Students who want to give their academic performance an additional edge may want to consider thinking about what they eat. While parents and educators alike have often cited anecdotal evidence about food and academic performance, research indicates that these beliefs count as more than just old wives' tales. Good eating habits not only promote physical well-being but academic health as well.
Studies and Nutrition
Dr. Paul J. Veugelers of the University of Alberta in Edmonton and his professional colleagues studied the correlation between good nutrition and academic success. They found that students who ate the right amounts of fiber, vegetables, proteins and fruits did better academically. According to Reuters, a university study about the correlation between test grades and nutrition suggests that food choices make students smarter in testing situations. The study considered factors such as parental income and the educational institution as well as the food students ate. Students who didn't eat enough healthy food did the worst on tests compared to their peers.
Life for high school and college kids is hectic, and tired students often choose sleep over eating breakfast. According to an article in "The Tufts Daily," this hurts them in the long run. They've already gone all night without taking in any food, and those who skip breakfast often don't eat until early to late afternoon. This practice deprives the brain of the glucose it needs to function properly.
Students who skip meals on purpose still usually have access to good nutrition. For them, it becomes a matter of improving their eating habits. However, for other students, it's not so simple. The food-as-an-indicator-of-academic-success issue is even more pronounced for students from low-income backgrounds, according to the National Institutes of Health. These students, often younger, deal with excessive hunger, absenteeism and mental health issues, many of which stem from lack of good nutrition. Their academic performance suffered when they consistently didn't eat the first meal of the day. The students who had access to school food programs showed a marked improvement in academic performance once a regular breakfast was added to their day. These school programs also helped to offset another challenge that faces these students, which is malnutrition, a condition that has far-reaching consequences beyond one academic school year.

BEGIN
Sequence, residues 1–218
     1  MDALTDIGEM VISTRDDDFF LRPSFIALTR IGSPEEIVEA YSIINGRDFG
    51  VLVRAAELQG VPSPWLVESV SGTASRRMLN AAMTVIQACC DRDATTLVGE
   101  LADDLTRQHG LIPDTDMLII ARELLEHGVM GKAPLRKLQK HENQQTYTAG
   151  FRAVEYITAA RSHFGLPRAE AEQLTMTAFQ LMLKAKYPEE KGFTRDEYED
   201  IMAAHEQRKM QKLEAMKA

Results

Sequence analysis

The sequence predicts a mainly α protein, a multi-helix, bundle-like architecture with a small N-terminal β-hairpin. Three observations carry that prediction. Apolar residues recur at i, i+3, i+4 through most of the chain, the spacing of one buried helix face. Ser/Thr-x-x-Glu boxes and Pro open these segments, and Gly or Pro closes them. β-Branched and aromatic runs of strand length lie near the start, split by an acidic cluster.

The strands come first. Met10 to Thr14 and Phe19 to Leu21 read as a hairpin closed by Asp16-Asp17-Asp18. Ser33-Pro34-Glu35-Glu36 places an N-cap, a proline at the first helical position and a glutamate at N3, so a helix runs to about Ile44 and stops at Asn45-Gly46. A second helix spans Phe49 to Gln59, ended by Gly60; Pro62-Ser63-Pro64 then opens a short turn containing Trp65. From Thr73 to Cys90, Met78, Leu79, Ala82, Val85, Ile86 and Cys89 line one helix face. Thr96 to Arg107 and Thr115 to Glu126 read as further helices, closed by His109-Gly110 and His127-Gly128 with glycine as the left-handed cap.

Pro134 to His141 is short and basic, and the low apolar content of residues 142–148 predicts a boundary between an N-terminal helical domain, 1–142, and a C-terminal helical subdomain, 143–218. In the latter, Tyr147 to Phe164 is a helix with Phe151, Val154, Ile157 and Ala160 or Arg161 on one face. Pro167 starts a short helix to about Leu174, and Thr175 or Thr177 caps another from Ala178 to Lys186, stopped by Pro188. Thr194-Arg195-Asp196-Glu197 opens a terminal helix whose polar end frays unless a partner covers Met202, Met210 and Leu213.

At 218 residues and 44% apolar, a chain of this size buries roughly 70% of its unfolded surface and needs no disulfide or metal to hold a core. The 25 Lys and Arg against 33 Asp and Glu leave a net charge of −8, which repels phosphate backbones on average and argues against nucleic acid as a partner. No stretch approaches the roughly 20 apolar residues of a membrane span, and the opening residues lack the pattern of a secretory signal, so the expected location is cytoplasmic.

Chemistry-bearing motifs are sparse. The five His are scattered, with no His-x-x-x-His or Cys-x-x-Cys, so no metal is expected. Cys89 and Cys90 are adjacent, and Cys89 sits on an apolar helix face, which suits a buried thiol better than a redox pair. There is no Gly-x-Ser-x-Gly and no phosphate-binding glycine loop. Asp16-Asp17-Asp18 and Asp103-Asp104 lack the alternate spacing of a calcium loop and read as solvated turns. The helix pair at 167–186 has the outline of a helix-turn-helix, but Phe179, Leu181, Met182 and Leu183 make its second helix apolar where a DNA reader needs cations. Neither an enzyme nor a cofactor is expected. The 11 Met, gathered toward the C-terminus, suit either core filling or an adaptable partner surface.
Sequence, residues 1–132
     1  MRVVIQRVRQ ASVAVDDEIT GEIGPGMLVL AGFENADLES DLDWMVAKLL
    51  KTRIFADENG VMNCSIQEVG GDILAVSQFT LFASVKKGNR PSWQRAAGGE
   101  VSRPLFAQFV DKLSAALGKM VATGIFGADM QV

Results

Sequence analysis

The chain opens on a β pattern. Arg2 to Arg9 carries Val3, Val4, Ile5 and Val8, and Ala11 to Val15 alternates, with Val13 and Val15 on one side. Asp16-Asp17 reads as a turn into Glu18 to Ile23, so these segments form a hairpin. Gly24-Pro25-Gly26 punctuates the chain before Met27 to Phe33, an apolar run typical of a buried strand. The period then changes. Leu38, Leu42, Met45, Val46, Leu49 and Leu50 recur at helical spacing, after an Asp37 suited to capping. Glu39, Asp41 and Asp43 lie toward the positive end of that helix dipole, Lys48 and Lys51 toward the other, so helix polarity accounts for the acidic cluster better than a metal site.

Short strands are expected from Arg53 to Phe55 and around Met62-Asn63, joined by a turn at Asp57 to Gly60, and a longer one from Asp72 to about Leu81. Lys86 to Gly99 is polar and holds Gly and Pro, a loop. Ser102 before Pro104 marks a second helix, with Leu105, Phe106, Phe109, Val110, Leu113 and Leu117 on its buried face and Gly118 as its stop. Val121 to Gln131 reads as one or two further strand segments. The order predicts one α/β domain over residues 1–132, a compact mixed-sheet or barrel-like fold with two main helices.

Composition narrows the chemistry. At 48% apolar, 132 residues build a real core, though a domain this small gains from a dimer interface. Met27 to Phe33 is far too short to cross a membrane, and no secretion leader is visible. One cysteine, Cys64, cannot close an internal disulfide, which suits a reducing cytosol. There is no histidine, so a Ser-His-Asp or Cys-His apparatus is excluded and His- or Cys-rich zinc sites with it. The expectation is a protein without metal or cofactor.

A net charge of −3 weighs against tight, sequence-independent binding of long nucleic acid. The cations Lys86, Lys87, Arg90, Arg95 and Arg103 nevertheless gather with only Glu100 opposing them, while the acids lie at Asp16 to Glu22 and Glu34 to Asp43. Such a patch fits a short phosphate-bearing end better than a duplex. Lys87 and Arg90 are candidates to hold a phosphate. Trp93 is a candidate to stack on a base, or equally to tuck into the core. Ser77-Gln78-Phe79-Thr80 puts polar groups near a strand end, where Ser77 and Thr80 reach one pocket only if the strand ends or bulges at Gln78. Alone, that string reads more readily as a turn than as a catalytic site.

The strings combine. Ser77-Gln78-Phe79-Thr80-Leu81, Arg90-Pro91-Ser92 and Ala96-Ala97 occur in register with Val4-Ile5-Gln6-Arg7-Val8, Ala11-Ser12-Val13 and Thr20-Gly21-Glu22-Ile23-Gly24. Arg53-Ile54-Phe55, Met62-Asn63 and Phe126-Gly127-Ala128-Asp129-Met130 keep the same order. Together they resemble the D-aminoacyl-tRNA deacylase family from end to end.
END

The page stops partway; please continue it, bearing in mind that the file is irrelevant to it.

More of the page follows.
While the amount of nutrition to which a student has access plays a key role in academic success, hidden factors related to good health may also hamper a student's education. "The Bay Citizen" cited a study in the "Journal of Child Development," which found that obesity can play just as critical a role in a child's lack of academic success. Aside from contributing to health problems that may make achieving academic success more challenging, the social stigma of being overweight affected students' performances. The conclusion researchers came to suggested that because obese students often don't have as many friends, they don't develop the social skills they need to interact with peers. This in turn leads them to be shy about academic work involving standing up in front of the class or leading discussion groups.